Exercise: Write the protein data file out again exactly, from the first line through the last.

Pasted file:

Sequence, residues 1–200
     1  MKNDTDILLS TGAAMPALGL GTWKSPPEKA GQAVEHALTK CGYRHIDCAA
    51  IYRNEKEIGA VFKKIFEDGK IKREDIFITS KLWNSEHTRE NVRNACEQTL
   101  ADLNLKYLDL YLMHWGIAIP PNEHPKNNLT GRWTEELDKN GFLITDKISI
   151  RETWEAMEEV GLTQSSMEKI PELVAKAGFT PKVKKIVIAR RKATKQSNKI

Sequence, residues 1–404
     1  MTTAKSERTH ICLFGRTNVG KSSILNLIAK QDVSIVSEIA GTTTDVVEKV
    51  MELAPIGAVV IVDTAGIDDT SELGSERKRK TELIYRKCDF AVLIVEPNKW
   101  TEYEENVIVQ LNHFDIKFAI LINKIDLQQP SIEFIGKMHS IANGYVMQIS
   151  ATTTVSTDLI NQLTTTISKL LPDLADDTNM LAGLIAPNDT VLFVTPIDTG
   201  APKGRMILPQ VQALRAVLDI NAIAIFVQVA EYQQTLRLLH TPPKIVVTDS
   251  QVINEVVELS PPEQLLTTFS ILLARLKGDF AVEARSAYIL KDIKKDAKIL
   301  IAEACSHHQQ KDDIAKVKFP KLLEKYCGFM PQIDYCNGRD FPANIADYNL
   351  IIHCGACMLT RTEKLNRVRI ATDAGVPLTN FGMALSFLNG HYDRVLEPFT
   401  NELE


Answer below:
Sequence, residues 1–200
     1  MKNDTDILLS TGAAMPALGL GTWKSPPEKA GQAVEHALTK CGYRHIDCAA
    51  IYRNEKEIGA VFKKIFEDGK IKREDIFITS KLWNSEHTRE NVRNACEQTL
   101  ADLNLKYLDL YLMHWGIAIP PNEHPKNNLT GRWTEELDKN GFLITDKISI
   151  RETWEAMEEV GLTQSSMEKI PELVAKAGFT PKVKKIVIAR RKATKQSNKI

Sequence, residues 1–404
     1  MTTAKSERTH ICLFGRTNVG KSSILNLIAK QDVSIVSEIA GTTTDVVEKV
    51  MELAPIGAVV IVDTAGIDDT SELGSERKRK TELIYRKCDF AVLIVEPNKW
   101  TEYEENVIVQ LNHFDIKFAI LINKIDLQQP SIEFIGKMHS IANGYVMQIS
   151  ATTTVSTDLI NQLTTTISKL LPDLADDTNM LAGLIAPNDT VLFVTPIDTG
   201  APKGRMILPQ VQALRAVLDI NAIAIFVQVA EYQQTLRLLH TPPKIVVTDS
   251  QVINEVVELS PPEQLLTTFS ILLARLKGDF AVEARSAYIL KDIKKDAKIL
   301  IAEACSHHQQ KDDIAKVKFP KLLEKYCGFM PQIDYCNGRD FPANIADYNL
   351  IIHCGACMLT RTEKLNRVRI ATDAGVPLTN FGMALSFLNG HYDRVLEPFT
   401  NELE